Well, Point-n-Shooting, that is.
Sometimes you find yourself strapped into a seat, hurtling at 75 mph in a car, down a highway, on the back roads of whatever land into which you are currently imprisoned. Beside you the guide posts whirl by, much slower the mile posts, and even more slowly, the hours. Why not use the the time to practice your craft?
On a recent trip, I found myself with nine hours of non-driving windshield time. I keep my point-n-shoot (Canon G10) handy at all times to document whatever unique sight might appear before me. Sometimes I am rewarded with a great image. Other times, I just get in a lot of shooting practice.
Don’t get me wrong-not all of the images are amazing like this moon rising over the sunset-lit clouds in rural South Dakota. Most are throw-aways with blurry foregrounds and oft-shaken backgrounds. If it is cold, you are shooting through the dirty windshield or streaked side-windows (and occasionally a filthy moon roof). The bumpy road will ruin many an acceptable shot and you always have power poles, signs and other human highway detritus with which to contend. Occasionally, the road smoothes out, the vista explodes with interest and the photographer, having practiced dutifully along the many miles, will snap something special.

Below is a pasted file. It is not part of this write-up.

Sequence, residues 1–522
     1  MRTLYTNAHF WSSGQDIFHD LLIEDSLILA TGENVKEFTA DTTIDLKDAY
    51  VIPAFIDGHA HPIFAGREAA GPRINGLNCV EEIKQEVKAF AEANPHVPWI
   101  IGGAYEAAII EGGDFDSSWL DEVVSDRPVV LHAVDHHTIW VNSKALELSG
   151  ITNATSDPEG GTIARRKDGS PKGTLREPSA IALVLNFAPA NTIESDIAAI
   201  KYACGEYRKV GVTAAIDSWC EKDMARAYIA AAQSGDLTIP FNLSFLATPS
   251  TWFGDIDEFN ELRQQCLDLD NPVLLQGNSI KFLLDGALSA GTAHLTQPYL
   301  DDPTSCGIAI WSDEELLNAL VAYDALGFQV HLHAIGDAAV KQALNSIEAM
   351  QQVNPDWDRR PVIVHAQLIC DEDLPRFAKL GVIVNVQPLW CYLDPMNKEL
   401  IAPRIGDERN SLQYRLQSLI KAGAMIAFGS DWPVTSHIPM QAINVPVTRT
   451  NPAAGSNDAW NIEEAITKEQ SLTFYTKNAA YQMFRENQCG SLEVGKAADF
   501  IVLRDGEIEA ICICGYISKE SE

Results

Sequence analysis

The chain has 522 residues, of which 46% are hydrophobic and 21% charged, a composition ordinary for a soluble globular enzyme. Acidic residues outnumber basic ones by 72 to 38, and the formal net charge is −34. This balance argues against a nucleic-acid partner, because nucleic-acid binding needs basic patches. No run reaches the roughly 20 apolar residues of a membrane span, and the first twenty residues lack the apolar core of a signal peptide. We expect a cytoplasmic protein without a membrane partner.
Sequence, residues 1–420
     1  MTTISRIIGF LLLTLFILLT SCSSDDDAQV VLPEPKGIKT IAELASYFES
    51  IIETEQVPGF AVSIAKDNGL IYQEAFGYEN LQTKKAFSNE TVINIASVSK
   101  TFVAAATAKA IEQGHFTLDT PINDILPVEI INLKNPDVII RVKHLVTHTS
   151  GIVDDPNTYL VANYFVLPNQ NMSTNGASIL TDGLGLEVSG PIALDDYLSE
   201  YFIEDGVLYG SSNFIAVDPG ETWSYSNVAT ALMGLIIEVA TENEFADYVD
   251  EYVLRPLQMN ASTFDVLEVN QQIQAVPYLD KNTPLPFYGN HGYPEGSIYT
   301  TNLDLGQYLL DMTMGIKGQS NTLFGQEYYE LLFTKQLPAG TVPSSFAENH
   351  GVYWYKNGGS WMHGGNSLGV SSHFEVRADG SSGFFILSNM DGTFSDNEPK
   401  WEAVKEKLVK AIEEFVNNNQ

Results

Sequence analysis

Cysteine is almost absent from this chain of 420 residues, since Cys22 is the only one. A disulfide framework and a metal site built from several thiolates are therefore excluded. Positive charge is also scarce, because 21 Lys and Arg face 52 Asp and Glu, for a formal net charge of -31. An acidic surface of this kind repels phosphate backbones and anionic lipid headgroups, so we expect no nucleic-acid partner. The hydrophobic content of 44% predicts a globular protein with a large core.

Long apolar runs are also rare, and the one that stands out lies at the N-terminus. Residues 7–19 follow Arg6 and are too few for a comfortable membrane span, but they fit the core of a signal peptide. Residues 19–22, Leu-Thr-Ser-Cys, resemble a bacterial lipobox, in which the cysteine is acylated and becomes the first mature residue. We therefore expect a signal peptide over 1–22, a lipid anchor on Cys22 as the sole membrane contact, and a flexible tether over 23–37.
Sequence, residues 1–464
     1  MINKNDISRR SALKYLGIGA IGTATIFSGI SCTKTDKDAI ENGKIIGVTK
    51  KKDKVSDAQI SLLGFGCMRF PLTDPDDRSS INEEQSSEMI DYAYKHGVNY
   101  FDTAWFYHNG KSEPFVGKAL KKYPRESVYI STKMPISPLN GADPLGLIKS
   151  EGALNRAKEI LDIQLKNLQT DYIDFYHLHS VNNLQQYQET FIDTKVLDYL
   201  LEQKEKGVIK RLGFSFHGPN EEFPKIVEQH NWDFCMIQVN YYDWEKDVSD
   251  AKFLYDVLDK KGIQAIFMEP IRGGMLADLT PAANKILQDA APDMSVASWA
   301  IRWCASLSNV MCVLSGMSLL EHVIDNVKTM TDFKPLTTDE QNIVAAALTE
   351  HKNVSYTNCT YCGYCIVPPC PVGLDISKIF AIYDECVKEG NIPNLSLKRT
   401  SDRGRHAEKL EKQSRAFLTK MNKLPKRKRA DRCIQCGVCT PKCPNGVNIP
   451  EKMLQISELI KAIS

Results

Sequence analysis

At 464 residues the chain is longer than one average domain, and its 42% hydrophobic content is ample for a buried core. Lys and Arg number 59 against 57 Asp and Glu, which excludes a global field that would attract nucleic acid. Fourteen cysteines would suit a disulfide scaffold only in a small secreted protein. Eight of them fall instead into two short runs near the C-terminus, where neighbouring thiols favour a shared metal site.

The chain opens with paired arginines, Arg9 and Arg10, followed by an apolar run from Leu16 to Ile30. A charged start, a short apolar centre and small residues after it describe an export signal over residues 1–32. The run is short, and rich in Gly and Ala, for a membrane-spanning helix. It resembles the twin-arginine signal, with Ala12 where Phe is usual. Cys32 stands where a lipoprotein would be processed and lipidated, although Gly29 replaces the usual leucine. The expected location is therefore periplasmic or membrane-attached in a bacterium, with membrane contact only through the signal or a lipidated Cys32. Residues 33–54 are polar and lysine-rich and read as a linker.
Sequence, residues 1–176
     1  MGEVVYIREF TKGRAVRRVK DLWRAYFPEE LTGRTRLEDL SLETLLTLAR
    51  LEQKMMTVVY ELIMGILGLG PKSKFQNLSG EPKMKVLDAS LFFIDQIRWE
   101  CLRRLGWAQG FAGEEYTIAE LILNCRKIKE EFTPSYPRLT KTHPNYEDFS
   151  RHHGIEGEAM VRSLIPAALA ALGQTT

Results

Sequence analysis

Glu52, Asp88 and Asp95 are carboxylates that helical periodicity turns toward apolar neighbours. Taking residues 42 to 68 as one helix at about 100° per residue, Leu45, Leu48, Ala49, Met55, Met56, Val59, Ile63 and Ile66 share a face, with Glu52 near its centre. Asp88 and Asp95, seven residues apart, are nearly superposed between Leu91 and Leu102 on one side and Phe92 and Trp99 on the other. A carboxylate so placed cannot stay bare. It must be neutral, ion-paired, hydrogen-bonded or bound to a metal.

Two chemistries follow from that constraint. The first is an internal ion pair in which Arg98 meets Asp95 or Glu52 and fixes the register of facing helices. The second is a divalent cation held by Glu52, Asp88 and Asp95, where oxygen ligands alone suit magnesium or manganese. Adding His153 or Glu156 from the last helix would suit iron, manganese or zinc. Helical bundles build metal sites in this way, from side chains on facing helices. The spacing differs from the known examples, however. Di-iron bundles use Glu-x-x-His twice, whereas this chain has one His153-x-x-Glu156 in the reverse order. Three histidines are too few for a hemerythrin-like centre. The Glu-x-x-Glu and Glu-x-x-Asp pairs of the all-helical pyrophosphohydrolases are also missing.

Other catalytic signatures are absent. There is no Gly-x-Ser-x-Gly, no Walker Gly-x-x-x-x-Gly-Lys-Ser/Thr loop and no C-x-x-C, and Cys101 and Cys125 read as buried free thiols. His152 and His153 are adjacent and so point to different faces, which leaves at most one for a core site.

Here is a perfect opportunity to play with exposure. You can try many varied compositions. It might be time to actually fiddle with all those settings your camera possesses. You aren’t going anywhere while you go somewhere so you might as well take advantage of the time. Who knows-maybe there is a gem waiting for you around the curve or over the next hill.
Digital is practically free. There is no excuse not to take pictures. Seat-belted into a screaming vehicle for hours is a perfect chance to take advantage of a world whirling by, revealing, grudgingly perhaps, a fleeting glimpse of beauty.
Rikk Flohr © 2009